The best of the Big Apple in three big bites!
If you really want it, we can give you a hunt that hits many Manhattan locations—sort of our Watson Adventures Greatest Hits package. But we don’t recommend that anymore. Since we started offering hunts in 1999, street traffic has gotten worse and the subway has gotten slower, so now we recommend a new approach: pick the three neighborhoods you most want to see, and we’ll combine the best of our scavenger-hunt questions from those places into one great two- or three-hour adventure. Hunters have LOVED this approach!
No previous knowledge of New York is necessary to follow the clues, find amazing places, answer tricky, humorous questions, and even win! This team-building activity has delighted visitors and residents alike—for corporate team building, school field trips, sightseeing with an unusual twist, and social groups whose participants are looking to rediscover Manhattan.
Three hours, three neighborhoods
Choose the three neighborhoods that would most appeal to your group, such as…
- Historic and hoppin’ Greenwich Village and the old New York charm of the West Village
- The pastoral paradise of Central Park, starring Strawberry Fields…forever
- Raucous Times Square, festive Rockefeller Center, and other Midtown landmarks
- Wall Street’s canyons of steel and Battery Park’s harbor vistas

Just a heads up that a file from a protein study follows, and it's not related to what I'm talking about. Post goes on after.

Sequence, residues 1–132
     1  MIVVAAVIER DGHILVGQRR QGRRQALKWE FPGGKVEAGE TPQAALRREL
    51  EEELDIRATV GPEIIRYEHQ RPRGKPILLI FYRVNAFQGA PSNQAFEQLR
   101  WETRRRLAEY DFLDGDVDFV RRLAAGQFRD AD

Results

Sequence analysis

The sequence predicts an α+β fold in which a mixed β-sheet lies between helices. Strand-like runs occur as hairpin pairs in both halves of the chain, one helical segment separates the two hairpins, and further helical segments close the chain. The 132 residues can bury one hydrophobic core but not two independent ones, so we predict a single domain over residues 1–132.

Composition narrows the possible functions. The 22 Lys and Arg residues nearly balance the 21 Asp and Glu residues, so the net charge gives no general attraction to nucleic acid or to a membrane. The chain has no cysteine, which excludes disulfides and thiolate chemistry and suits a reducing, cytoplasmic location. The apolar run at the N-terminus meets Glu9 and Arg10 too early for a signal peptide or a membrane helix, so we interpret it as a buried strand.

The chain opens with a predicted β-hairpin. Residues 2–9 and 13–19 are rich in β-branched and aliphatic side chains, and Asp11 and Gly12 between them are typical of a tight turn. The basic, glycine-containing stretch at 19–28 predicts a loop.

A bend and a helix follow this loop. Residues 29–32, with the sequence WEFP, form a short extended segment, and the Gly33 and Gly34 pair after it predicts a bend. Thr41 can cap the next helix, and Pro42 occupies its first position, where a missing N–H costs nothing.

- Exotic Chinatown and rambunctious Little Italy
- Chic SoHo and funky NoLita
- And other neighborhoods and venues
Our questions are filled with historical tidbits that explain what you’re seeing and keep the adventure packed with ooohs and plenty of ahhhhs.
You might search for answers to such questions as…
- At the start of Broadway, visit Bowling Green, the oldest park in the city. The fence is the oldest official landmark—and you can literally touch history when you feel the ragged tops of the fence posts, where crowns were hacked off during a riot in 1776 after the Declaration of Independence was first read in the city. What once made the Green something to sneeze at? Answer: The rent due to England was originally one peppercorn per year, according to a sign.
- In the center of Times Square, face a song-and-dance man and stand over a grate to hear a weird, resonant, haunting hum. This unidentified sound is actually an installation by an artist. What person is named closest to this grate? (He’s the man responsible for bringing lighted billboards here and illuminating the tops of skyscrapers.) Answer: Douglas Leigh is named on a plaque near the strange sound, opposite a statue of George M. Cohan.
Along the way, you’ll also test your creativity with our Team Photo Challenges and meet with our Hunt Host for a surprise bonus challenge.
Hunters can travel between the neighborhoods by subway, cabs, or hired cars. While in transit, your team will tackle 10 intriguing trivia questions, so you’re constantly in the game. You might encounter a question such as: What part of the city do Barbra Streisand, Jackie Robinson, Jimmy Smits, Mary Tyler Moore, Notorious B.I.G., Mel Brooks, and Chris Rock have in common?
What delighted clients are saying
“We all had a blast! It was perfect. Everyone was amped up afterwards, talking about all of the clues and how they got from place to place. Your team did a great job managing our group, which isn’t always easy. All in all, it was a great day, and I would definitely do it again.” –Jeff Powers, Director, Supplier Implementation, SPS Commerce